The Buddha on Ecumenical Discourse

These words of the Buddha are relevant for today’s discourse between various sects and schools of Buddhism:

Whereas some brahmans and contemplatives, living off food given in faith, are addicted to debates such as these — ‘You understand this doctrine and discipline? I’m the one who understands this doctrine and discipline. How could you understand this doctrine and discipline? You’re practicing wrongly. I’m practicing rightly. I’m being consistent. You’re not. What should be said first you said last. What should be said last you said first. What you took so long to think out has been refuted. Your doctrine has been overthrown. You’re defeated. Go and try to salvage your doctrine; extricate yourself if you can!’ — he abstains from debates such as these. This, too, is part of his virtue.


Then the Buddha said to the mendicants: “Mendicants, do you understand my teachings as Ariṭṭha does, when he misrepresents me by his wrong grasp, harms himself, and makes much bad karma?”

“Good, good, mendicants! It’s good that you understand my teaching like this. For in many ways I have said that…

Though I speak and explain like this, certain ascetics and brahmins misrepresent me with the false, baseless, lying, untruthful claim: ‘The ascetic Gotama is an eradicator. He advocates the annihilation, eradication, and extermination of an existing being.’ I have been falsely misrepresented as being what I am not, and saying what I do not say. In the past, as today, all I describe is suffering and the cessation of suffering. This being so, if others abuse, attack, harass, and trouble the Realized One, he doesn’t get resentful, bitter, and emotionally exasperated.
MN 22

In other words, it is possible to misrepresent the Right VIew as taught by the Buddha (for the details on the Right View see MN9), and the Buddha would point it out (cf. also DN1). In the paragraph you have cited, the most important word is certainly ‘addicted’ - something which I, for the record, was guilty of a couple of times.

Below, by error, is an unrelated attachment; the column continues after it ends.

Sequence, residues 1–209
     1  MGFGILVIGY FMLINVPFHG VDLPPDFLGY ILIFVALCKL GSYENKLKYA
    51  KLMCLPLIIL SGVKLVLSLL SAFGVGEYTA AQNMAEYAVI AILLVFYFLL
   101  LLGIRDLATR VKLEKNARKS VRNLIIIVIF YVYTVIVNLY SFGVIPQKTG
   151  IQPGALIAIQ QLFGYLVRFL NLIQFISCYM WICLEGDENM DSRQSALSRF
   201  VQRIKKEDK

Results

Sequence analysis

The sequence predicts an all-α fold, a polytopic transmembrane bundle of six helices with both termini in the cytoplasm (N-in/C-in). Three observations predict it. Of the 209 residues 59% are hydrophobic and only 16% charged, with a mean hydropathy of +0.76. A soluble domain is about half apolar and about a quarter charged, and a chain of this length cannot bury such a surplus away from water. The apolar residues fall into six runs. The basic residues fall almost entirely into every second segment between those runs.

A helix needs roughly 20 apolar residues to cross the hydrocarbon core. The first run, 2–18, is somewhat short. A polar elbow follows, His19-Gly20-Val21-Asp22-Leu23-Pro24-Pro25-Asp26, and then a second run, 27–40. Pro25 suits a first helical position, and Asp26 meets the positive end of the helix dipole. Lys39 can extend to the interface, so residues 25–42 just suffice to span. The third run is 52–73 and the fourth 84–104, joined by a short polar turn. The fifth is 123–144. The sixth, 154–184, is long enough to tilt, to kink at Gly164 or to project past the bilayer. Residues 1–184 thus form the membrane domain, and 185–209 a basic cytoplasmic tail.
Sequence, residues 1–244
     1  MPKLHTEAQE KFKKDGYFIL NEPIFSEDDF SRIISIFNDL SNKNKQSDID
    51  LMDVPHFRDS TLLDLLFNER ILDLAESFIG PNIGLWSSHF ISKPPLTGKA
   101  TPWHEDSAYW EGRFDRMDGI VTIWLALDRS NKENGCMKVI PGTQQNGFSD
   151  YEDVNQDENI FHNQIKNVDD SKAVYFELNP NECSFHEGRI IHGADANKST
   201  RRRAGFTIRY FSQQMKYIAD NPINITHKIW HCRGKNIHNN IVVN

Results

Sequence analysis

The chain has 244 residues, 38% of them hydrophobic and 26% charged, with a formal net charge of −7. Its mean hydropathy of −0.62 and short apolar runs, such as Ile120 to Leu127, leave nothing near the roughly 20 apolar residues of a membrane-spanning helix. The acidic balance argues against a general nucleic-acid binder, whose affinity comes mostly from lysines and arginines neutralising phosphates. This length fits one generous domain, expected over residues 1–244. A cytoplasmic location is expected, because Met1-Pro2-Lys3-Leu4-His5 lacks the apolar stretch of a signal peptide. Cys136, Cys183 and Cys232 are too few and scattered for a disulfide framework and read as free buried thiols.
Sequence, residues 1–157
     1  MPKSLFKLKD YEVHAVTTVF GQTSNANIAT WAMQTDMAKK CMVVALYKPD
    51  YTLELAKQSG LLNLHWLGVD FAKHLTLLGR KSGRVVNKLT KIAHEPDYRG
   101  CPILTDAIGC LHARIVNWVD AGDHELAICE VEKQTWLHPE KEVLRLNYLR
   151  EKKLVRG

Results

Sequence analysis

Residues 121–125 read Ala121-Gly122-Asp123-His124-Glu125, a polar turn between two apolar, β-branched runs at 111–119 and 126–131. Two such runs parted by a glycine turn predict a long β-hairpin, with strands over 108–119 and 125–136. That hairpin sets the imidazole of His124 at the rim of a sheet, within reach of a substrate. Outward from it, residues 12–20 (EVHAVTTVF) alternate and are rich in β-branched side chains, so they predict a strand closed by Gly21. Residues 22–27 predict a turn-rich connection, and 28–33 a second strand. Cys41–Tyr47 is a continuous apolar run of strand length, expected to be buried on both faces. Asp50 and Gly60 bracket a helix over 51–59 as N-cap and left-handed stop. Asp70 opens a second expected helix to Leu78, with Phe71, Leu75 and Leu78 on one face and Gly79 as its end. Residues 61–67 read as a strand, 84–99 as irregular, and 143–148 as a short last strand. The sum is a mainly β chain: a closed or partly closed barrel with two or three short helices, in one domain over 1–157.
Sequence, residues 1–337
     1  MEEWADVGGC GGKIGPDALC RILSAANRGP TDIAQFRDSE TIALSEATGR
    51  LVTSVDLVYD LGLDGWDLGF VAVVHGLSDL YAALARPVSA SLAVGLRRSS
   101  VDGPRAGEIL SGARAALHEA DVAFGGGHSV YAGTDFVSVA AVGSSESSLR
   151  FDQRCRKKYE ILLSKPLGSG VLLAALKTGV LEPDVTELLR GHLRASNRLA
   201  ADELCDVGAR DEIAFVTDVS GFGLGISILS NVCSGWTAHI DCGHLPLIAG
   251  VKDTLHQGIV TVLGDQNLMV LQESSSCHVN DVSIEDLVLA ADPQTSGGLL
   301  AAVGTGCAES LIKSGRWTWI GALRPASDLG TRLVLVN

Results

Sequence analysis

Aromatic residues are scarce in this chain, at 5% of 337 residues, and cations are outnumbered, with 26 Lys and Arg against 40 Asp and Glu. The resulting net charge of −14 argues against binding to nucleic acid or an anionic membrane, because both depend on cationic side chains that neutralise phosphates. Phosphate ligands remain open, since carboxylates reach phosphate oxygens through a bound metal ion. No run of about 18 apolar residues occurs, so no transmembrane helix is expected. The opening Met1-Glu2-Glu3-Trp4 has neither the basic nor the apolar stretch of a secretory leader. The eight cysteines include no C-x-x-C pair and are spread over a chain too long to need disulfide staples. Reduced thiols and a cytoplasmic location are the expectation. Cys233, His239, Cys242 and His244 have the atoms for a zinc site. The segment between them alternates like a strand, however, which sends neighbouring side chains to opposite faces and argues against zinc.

However, there is a huge difference between pointing out what one believes to be a misrepresentation of the Right View and doubtful teaching of a later origin, and obsessed debates used for letting off steam and boosting self-esteem. Saying that the early Pali texts teach some form of Mahayana or even Vajrayana is I think a prime example of misrepresenting the Right View.


I don’t claim that the Pali suttas, which are equivalent to the Chinese Agamas of the Mahayana canon, endorse any specific school or sect of Buddhism:

The Basic Points Unifying the Theravāda and the Mahāyāna is an important Buddhist ecumenical statement created in 1967 during the First Congress of the World Buddhist Sangha Council (WBSC), where its founder Secretary-General, the late Venerable Pandita Pimbure Sorata Thera, requested the Ven. Walpola Rahula to present a concise formula for the unification of all the different Buddhist traditions. This text was then unanimously approved by the Council…
Basic points unifying Theravāda and Mahāyāna - Wikipedia

Sadhu, sadhu, sadhu!